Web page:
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“IF WE DO NOT STOP IT NOW, IT’S GOING TO BE A CONTINUOUS THING”
Amid allegations of discrepancies, Frio County commissioners are continuing to iron out the details of 2022 salary grade schedule that would allow for an equitable pay plan for all appointed, elected and regular employees.
Frio County Auditor Crystal Marquez alleged there was miscommunication and mishandling of pertinent documents with Werling Associates, the company hired to conduct a compensation study for all county employees last year.
“We had to make a lot of clarifications,” the auditor told the court during a meeting on Friday, August 18. “We provided him with all the resumes because he was not given that last year because the person overseeing the project last year failed to give him that information.”
Records filed at the courthouse show a complaint was filed by newly elected Pct. 2 Justice of the Peace Sandra Waldrum, after her proposed salary was cut by $11,000. The grievance prompted Marquez to revisit the proposed raise increases and decreases and cross-reference with Dr. Werling.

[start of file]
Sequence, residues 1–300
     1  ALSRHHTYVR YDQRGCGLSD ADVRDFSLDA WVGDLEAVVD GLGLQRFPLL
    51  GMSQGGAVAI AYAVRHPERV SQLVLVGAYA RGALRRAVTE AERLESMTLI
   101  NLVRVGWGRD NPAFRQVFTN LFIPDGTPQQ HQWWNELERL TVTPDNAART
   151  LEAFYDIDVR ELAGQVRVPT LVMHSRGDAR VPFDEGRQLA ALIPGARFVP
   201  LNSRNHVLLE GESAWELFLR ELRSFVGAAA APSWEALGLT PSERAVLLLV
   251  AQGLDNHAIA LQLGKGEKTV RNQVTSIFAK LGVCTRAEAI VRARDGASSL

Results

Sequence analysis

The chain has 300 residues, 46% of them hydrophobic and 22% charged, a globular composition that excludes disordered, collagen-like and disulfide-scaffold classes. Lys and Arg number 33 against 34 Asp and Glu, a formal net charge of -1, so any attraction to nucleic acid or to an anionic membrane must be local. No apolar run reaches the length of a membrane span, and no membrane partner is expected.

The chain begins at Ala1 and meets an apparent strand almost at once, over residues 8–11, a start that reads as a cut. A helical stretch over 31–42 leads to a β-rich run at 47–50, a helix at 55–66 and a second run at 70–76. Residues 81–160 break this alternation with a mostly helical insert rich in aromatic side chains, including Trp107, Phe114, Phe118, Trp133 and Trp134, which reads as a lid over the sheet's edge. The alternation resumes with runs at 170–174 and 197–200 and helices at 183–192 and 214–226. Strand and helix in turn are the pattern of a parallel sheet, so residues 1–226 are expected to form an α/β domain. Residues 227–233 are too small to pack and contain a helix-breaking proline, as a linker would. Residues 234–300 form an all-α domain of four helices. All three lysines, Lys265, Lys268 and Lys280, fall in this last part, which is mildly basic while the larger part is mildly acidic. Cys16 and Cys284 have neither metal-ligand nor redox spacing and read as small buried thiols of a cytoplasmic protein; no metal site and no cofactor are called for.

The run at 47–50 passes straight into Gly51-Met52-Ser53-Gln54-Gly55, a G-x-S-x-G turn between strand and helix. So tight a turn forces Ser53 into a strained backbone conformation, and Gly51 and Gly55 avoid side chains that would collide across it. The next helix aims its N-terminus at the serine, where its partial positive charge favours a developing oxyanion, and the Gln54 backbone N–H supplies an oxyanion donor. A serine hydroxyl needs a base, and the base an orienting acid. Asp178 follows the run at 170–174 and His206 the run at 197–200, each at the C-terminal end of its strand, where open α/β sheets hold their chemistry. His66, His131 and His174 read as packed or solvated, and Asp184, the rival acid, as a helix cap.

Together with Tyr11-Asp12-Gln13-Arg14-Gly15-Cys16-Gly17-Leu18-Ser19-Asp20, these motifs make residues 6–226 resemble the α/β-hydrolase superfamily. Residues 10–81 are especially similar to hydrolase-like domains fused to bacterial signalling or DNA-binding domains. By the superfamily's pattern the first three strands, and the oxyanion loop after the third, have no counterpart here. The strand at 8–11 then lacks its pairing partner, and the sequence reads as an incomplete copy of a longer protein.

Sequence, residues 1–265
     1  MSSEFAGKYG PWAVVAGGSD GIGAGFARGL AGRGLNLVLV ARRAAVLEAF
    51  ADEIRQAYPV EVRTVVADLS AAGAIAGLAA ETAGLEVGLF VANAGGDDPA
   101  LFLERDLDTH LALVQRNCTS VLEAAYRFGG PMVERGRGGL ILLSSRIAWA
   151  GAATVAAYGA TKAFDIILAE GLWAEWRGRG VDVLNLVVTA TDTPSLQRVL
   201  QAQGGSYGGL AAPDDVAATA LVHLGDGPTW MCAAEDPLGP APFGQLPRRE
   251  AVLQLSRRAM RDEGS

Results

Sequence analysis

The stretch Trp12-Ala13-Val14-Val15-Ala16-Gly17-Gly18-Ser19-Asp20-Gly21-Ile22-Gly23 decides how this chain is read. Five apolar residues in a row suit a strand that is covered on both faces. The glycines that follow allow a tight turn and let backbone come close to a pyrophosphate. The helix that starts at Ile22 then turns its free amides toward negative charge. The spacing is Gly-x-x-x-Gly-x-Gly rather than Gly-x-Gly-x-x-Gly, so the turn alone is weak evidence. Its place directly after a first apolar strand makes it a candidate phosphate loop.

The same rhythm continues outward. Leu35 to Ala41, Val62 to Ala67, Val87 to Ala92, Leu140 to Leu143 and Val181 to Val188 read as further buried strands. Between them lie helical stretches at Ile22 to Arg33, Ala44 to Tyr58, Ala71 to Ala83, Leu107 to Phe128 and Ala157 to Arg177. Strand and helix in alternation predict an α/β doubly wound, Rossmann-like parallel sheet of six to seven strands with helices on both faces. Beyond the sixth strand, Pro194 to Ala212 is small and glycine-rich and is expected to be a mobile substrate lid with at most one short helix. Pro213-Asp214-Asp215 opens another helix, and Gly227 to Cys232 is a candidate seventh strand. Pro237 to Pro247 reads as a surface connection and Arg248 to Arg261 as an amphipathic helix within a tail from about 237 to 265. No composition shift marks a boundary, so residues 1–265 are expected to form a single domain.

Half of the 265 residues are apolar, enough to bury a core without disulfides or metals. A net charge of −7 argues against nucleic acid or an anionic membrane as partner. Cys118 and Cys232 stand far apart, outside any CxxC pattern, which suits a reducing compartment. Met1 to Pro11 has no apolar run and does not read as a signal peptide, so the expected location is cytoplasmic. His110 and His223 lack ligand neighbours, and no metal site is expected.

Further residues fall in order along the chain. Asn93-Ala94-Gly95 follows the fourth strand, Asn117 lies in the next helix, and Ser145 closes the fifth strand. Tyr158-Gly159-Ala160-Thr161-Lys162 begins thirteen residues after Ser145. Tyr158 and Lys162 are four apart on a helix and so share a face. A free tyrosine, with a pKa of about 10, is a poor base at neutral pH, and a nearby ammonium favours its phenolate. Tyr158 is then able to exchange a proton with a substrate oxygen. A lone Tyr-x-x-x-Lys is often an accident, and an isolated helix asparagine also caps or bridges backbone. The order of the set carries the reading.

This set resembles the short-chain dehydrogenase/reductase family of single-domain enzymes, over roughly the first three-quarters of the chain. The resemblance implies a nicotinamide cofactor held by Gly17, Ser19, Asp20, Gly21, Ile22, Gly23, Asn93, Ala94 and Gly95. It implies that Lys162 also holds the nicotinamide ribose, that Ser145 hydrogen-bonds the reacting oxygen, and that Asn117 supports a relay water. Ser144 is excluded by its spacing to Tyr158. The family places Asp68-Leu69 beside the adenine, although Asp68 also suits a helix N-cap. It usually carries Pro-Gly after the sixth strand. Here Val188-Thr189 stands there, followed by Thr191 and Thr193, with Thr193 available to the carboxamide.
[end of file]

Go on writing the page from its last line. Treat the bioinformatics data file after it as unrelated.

Marquez told the court that she opted to have the department heads, appointed and elected officials be regraded by Dr. Werling.
“I did grade all the elected officials,” the auditor said. “Elected officials are harder to grade than regular employees because regular employees have job descriptions. So trying to grade off the opinion of their own resume is really hard.”
According to Joseph Sindon, legal counsel for the court, elected officials that take office in January will receive the salary of their predecessor. However, during budget season, the newly elected official will be taken to the minimum salary of their respective position and be graded accordingly.
“Elected officials are treated differently than employees,” the attorney said. “With employees as soon as they come into an office we automatically reset their salary to the minimum of the grade, then we regrade based on experience to see if any additional monies are to be added onto that. However, elected officials are entitled to a grievance process. That grievance window is only five days after the proposed budget is received by the elected official. That is why salaries are not modified until budget season.”